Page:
(Corrects paragraph 13 to show percent to 100 percent of prior year, or 90 percent of the current year, corrects paragraph 17 typographical error to accountant instead of account)
NEW YORK, March 20 (Reuters) - If you pay quarterly U.S. taxes, the April IRS deadline is a double whammy - you have to file your 2017 return and you have to pay the first portion of your taxes due for the current year.
Good luck with that in the next few weeks, especially if you qualify as a sole proprietor or other type of freelancer claiming new deductions.
Professional software and calculators are available online to help you estimate your 2018 taxes; however, the IRS has not finalized the details.
And without that information, it will be hard from some freelancers calculate the new 20 percent deduction for sole proprietors, known as Section 199A. The new deduction pertains to pass-through income, which is business income that counts as personal income on a tax return, for anyone from freelance ride-share drivers to plumbers to lawyers.
Some of the key details that still need to be sorted out are who exactly gets the pass-through deduction, how much of it they can claim and also where it fits into the final 1040 form for 2018.
Uncertainty is inspiring a lot of speculation among financial professionals and shrugging emojis on social media.
The new deduction should apply to virtually all solo freelancers, who will qualify as "Specified Service" businesses, according to financial planner Michael Kitces, partner and director of research for the Maryland-based Pinnacle Advisory Group, says that
That means their income will determine how much of the deduction they get to claim. Those making more than $157,000 as an individual or $315,000 as a married couple will start to phase out of the tax break, which gets complicated quickly.
Taxpayers also need to be mindful about who qualifies as a solo proprietor and who really should be characterized as an employee, said Gene Zaino, CEO of MBO Partners, a financial firm specializing in independent workers. If you receive income from only one source and have no control over hours or no real business stake, you might raise a red flag for an audit.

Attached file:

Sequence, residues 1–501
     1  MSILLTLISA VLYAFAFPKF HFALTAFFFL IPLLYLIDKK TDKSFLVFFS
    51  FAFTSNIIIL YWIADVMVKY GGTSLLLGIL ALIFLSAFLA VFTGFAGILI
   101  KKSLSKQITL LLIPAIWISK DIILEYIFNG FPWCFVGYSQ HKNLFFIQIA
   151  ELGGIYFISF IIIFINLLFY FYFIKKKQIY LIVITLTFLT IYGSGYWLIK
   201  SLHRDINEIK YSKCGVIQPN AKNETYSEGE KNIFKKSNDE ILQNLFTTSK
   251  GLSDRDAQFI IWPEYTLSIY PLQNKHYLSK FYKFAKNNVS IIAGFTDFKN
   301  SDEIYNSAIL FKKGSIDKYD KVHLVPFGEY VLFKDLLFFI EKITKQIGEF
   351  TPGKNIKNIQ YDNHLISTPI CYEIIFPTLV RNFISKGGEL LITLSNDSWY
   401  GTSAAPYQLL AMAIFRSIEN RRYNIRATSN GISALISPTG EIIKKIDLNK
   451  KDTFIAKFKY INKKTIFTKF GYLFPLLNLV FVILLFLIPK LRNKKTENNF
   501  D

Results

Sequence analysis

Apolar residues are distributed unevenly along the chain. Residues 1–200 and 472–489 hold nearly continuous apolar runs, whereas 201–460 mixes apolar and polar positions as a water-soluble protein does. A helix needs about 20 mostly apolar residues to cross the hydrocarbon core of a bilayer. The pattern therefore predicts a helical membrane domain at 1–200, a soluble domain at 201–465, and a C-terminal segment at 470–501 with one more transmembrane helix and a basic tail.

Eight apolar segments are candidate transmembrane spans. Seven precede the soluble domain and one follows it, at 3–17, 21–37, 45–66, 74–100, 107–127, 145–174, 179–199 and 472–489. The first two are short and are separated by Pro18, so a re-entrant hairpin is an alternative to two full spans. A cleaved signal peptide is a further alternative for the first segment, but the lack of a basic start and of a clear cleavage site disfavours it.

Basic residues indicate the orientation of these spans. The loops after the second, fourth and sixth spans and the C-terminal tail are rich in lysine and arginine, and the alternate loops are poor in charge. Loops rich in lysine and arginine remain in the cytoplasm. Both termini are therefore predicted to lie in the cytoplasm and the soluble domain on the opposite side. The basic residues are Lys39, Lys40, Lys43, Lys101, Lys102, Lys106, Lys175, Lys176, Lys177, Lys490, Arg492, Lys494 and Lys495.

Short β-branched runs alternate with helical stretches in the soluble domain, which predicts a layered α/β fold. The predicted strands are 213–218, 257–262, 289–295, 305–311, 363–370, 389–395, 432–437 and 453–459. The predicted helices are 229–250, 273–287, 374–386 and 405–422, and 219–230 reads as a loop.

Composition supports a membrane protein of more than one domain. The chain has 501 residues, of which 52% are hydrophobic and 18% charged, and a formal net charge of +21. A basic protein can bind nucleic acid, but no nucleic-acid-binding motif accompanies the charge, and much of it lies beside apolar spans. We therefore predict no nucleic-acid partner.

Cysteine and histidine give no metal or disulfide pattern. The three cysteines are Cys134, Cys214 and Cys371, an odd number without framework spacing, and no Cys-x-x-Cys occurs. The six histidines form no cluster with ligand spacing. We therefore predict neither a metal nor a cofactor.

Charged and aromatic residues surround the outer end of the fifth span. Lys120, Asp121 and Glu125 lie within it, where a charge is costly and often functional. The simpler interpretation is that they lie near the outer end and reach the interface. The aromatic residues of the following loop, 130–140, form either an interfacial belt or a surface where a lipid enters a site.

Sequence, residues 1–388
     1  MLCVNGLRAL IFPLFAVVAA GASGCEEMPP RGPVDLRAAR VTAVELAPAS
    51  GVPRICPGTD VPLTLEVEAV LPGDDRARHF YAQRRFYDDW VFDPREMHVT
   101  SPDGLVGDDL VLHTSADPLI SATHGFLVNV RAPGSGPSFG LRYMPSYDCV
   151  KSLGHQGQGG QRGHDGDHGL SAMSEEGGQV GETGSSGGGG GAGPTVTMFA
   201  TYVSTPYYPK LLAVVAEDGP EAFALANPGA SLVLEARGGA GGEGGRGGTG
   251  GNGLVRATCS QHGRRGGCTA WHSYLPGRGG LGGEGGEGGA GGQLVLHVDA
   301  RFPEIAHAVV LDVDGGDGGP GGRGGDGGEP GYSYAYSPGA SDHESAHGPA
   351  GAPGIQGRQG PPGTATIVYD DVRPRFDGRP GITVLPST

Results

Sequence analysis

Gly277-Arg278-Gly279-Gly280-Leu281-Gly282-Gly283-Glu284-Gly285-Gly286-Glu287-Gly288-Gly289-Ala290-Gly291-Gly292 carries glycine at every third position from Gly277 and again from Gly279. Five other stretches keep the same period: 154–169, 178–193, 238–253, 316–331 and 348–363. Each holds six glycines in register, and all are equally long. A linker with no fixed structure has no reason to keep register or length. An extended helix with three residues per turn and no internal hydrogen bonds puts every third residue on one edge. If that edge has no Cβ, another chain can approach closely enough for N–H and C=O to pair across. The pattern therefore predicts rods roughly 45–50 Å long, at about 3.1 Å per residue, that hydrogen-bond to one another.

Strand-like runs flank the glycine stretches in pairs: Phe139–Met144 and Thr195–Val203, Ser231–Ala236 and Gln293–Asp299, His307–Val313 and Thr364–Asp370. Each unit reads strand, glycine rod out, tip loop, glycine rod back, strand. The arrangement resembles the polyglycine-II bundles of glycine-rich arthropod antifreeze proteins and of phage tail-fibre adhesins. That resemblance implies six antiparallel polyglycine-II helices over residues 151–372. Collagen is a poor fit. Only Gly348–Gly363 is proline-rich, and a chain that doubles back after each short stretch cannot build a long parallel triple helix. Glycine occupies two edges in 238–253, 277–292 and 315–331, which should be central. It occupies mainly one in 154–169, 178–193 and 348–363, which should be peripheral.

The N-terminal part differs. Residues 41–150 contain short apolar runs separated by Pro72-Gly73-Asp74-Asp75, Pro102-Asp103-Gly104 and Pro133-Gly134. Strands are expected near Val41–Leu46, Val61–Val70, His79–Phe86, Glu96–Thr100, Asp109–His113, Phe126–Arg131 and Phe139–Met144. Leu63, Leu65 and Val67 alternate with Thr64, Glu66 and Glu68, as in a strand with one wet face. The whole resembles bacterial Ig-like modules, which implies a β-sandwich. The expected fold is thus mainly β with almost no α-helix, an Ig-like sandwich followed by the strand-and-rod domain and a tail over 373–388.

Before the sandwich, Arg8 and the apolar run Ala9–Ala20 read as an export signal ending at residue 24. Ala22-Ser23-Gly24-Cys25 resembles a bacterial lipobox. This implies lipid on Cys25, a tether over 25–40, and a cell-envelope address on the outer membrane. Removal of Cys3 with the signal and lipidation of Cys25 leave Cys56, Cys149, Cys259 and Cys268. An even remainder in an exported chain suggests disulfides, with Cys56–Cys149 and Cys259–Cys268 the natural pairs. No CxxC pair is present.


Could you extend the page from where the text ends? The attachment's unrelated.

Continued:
The new deduction is considered "below-the-line," which does not reduce your adjusted gross income but lowers your taxable income. You will fill out your Schedule C as normal - listing your income and subtracting your qualified expenses and then calculating your self-employment tax.
The deduction will come off somewhere on the 1040 form against your business income, and there will likely be some kind of worksheet to walk you through the calculations.
More guidance should be available by the summer, said Zaino.
ESTIMATING YOUR TAX BURDEN
To figure out your first quarterly payments, you most importantly need to know your tax burden in 2017. One way to skirt the new math is to pay what you paid last year - even if you think you will owe less in 2018 - so that you avoid penalties for underpayment. Or you can pay 90 percent of what you think you will owe in the current year.
You can also "annualize" your quarterly payments, said Lisa Greene-Lewis, a CPA and tax expert with TurboTax, which means that you base your payments on your income for the whole year, instead of big fluctuations month-to-month.
TurboTax has a free TaxCaster app that will take your 2017 info and calculate your tax burden for 2018. It takes into account your pass-through deduction, if you had freelance income previously. For spreadsheet pros, there are several online templates that attempt to work out the 199A pass-through deduction, which you can search out.
If you employ a tax professional, they are probably engaged at the moment in a review of all of their client files and can help you figure out the right amount to pay.
Tax accountant and financial planner Phyllis Jo Kubey, who is based in New York and specializes in artists, is not only looking at freelance income but also at making sure withholding is correct on W-2 paychecks. Most of her clients have a mix of self employment and wage income.
Kubey is not yet sure what to do with her clients who have income from sources outside of the United States because the law specifically refers to "domestic income," and the IRS has not clarified what that means.
"If a U.S.-based self-employed opera singer performs at La Scala (in Milan), is that qualified business income or is it disqualified because the services are performed outside of the U.S.?" Kubey asked. (Editing by Lauren Young and Cynthia Osterman)